# examples of integrally closed extensions

Example. $\mathbb{Z}[\sqrt{5}]$ is not integrally closed^{}, for $u=\frac{1+\sqrt{5}}{2}\in \mathbb{Q}[\sqrt{5}]$ is integral over $\mathbb{Z}[\sqrt{5}]$ since ${u}^{2}-u-1=0$, but $u\notin \mathbb{Z}[\sqrt{5}]$.

Example. $R=\mathbb{Z}[\sqrt{2},\sqrt{3}]$ is not integrally closed. Note that $(\sqrt{6}+\sqrt{2})/2\notin R$, but that

$${\left(\frac{\sqrt{6}+\sqrt{2}}{2}\right)}^{2}=2+\sqrt{3}$$ |

and so $(\sqrt{6}+\sqrt{2})/2$ is integral over $\mathbb{Z}$ since it satisfies the polynomial^{} ${({z}^{2}-2)}^{2}-3=0$.

Example. ${\mathcal{O}}_{K}$ is integrally closed when $$. For if $u\in K$ is integral over ${\mathcal{O}}_{K}$, then $\mathbb{Z}\subset {\mathcal{O}}_{K}\subset {\mathcal{O}}_{K}[u]$ are all integral extensions, so $u$ is integral over $\mathbb{Z}$, so $u\in {\mathcal{O}}_{K}$ by definition. In fact, ${\mathcal{O}}_{K}$ can be defined as the integral closure^{} of $\mathbb{Z}$ in $K$.

Example. $\u2102[x,y]/({y}^{2}-{x}^{3})$. This is a domain because ${y}^{2}-{x}^{3}$ is irreducible^{} hence a prime ideal^{}. But this quotient ring^{} is not integrally closed. To see this, parameterize $\u2102[x,y]\to \u2102[t]$ by

$x$ | $\mapsto {t}^{2}$ | |||

$y$ | $\mapsto {t}^{3}$ |

The kernel of this map is $({y}^{2}-{x}^{3})$, and its image is $\u2102[{t}^{2},{t}^{3}]$. Hence

$$\u2102[x,y]/({y}^{2}-{x}^{3})\cong \u2102[{t}^{2},{t}^{3}]$$ |

and the field of fractions^{} of the latter ring is obviously $\u2102(t)$. Now, $t$ is integral over $\u2102[{t}^{2},{t}^{3}]$ (${z}^{2}-{t}^{2}$ is its polynomial), but is not in $\u2102[{t}^{2},{t}^{3}]$. $t$ corresponds to $\frac{y}{x}$ in the original ring $\u2102[x,y]/({y}^{2}-{x}^{3})$, which is thus not integrally closed (the minimal polynomial of $\frac{y}{x}$ is ${z}^{2}-x$ since ${(\frac{y}{x})}^{2}-x=\frac{{y}^{2}}{{x}^{2}}-x=\frac{{x}^{3}}{{x}^{2}}-x=0$). The failure of integral closure in this coordinate ring is due to a codimension 1 singularity of ${y}^{2}-{x}^{3}$ at $0$.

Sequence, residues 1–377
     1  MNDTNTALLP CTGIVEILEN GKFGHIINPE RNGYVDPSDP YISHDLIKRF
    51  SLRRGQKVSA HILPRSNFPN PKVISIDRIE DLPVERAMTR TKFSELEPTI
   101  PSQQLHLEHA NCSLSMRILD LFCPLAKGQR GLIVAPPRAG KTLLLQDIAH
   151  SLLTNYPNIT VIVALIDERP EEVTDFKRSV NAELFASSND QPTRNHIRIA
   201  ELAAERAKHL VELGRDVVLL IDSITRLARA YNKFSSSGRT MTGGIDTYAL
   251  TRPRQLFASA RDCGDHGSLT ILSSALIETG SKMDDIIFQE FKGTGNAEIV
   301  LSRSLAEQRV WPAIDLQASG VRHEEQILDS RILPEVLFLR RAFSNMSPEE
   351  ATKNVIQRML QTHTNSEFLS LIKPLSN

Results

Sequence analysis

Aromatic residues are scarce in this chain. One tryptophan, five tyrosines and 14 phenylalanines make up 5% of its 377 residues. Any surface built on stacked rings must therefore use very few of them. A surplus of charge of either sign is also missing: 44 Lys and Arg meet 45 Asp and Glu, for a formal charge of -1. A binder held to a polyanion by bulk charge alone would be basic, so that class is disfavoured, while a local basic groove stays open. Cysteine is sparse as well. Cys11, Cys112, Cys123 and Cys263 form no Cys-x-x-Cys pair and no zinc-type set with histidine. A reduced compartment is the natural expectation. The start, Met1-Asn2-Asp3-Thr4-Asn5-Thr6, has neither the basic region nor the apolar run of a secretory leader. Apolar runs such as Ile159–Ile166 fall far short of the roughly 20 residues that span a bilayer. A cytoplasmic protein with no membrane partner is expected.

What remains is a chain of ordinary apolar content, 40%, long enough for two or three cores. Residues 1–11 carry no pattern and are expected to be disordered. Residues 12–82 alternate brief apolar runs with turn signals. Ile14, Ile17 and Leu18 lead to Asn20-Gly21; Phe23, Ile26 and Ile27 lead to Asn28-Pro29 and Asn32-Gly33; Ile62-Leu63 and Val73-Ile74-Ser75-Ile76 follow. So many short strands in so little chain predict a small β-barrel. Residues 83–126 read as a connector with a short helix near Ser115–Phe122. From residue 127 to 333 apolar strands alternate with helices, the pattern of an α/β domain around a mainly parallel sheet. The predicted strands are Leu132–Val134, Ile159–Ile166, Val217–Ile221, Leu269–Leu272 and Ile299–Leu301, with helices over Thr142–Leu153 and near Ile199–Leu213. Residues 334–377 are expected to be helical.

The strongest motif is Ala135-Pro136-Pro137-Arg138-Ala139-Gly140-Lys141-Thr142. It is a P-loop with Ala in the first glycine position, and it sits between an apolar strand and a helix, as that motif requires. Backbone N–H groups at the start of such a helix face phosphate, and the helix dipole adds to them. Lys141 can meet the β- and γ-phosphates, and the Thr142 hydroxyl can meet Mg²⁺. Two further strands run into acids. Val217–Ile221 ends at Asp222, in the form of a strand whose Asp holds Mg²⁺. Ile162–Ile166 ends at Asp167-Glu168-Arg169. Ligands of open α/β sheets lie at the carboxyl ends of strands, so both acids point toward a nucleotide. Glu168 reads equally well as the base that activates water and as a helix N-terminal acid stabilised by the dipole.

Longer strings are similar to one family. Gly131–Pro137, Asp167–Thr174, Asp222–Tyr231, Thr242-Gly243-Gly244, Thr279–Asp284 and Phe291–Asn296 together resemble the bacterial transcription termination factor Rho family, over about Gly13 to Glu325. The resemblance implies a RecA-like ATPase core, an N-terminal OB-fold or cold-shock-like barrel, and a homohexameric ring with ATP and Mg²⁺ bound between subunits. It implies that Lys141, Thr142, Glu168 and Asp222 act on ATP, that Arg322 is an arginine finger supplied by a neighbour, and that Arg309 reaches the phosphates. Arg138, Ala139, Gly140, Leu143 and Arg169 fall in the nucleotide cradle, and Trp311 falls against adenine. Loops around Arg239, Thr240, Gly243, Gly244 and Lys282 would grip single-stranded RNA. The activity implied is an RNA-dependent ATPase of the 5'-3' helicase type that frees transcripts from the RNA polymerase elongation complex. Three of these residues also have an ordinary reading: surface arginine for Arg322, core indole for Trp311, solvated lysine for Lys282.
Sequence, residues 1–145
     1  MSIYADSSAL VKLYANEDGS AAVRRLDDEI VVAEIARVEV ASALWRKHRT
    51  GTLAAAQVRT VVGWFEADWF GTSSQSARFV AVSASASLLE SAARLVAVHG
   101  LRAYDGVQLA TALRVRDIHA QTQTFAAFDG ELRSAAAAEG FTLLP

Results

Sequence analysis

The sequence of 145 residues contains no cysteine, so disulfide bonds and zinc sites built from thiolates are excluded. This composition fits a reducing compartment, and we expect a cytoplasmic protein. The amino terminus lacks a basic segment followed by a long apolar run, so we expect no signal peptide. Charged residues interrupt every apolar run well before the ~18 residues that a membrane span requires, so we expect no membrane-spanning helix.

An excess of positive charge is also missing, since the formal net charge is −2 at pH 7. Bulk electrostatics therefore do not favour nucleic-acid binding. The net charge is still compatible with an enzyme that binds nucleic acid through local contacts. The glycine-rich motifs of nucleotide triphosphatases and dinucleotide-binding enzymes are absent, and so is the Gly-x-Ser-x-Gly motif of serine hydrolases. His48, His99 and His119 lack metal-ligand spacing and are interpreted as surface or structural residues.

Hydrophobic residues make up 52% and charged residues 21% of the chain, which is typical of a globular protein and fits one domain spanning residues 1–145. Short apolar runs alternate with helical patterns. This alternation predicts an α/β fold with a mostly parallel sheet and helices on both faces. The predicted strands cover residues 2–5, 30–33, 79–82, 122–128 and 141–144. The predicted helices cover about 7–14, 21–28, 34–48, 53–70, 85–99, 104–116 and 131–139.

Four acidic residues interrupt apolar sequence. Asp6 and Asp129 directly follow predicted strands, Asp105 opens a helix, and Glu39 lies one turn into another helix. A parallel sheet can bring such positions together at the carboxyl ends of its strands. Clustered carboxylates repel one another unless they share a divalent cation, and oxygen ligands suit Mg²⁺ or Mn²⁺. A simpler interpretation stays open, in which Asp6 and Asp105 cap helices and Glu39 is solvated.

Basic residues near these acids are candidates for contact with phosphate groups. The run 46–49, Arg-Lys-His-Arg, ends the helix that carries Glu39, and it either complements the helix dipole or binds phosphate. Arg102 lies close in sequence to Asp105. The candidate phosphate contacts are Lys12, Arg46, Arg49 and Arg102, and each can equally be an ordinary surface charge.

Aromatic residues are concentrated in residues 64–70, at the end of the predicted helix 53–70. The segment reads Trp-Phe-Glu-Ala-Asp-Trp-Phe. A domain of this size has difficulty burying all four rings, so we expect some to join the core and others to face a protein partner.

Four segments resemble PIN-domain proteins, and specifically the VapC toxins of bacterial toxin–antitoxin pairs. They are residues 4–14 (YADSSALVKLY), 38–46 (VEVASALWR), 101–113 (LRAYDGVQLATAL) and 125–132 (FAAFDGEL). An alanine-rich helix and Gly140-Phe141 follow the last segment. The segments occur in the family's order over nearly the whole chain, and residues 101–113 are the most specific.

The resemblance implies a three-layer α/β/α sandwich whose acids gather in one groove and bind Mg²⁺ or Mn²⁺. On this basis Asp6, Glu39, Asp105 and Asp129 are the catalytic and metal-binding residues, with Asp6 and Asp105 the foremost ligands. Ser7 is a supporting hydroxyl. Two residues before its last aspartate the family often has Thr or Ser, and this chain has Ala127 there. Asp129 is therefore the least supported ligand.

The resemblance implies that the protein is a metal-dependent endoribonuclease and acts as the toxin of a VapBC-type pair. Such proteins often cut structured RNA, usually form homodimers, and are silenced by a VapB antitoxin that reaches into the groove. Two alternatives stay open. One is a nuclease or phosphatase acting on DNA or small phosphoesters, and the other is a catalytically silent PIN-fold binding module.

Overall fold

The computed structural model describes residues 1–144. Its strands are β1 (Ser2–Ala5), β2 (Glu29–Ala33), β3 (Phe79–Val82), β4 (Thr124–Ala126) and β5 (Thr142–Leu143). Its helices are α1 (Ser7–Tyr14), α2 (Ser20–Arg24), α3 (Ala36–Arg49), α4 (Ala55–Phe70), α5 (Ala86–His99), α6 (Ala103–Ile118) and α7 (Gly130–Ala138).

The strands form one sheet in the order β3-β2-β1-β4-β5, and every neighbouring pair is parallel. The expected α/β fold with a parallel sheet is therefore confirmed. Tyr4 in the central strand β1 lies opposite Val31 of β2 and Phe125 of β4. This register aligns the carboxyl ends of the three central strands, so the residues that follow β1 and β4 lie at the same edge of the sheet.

Example. $A=\u2102[x,y,z]/({z}^{2}-xy)$ is integrally closed. For again, parameterize $A\to \u2102[u,v]$ by

$x$ | $\mapsto {u}^{2}$ | |||

$y$ | $\mapsto {v}^{2}$ | |||

$z$ | $\mapsto uv$ |

The kernel of this map is ${z}^{2}-xy$ and its image is $B=\u2102[{u}^{2},{v}^{2},uv]$. Claim $B$ is integrally closed. We prove this by showing that the integral closure of $\u2102[x,y]$ in $\u2102(x,y,\sqrt{xy})$ is $\u2102[x,y,\sqrt{xy}]$. Choose $r+s\sqrt{xy}\in \u2102(x,y,\sqrt{xy}),r,s\in \u2102(x,y)$ such that $r+s\sqrt{xy}$ is integral over $\u2102[x,y]$. Then $r-s\sqrt{xy}$ is also integral over $\u2102[x,y]$, so their sum is. Hence $2r$ is integral over $\u2102[x,y]$. But $\u2102[x,y]$ is a UFD, hence integrally closed, so $2r\in \u2102[x,y]$ and thus $r\in \u2102[x,y]$. Similarly, $s\sqrt{xy}$ is integral over $\u2102[x,y]$, hence ${s}^{2}xy\in \u2102[x,y],s\in \u2102(x,y)$. Clearly, then, $s$ can have no denominator, so $s\in \u2102[x,y]$. Hence $r+s\sqrt{xy}\in \u2102[x,y,\sqrt{xy}]$.

Title | examples of integrally closed extensions |
---|---|

Canonical name | ExamplesOfIntegrallyClosedExtensions |

Date of creation | 2013-03-22 17:01:32 |

Last modified on | 2013-03-22 17:01:32 |

Owner | rm50 (10146) |

Last modified by | rm50 (10146) |

Numerical id | 9 |

Author | rm50 (10146) |

Entry type | Example |

Classification | msc 13B22 |

Classification | msc 11R04 |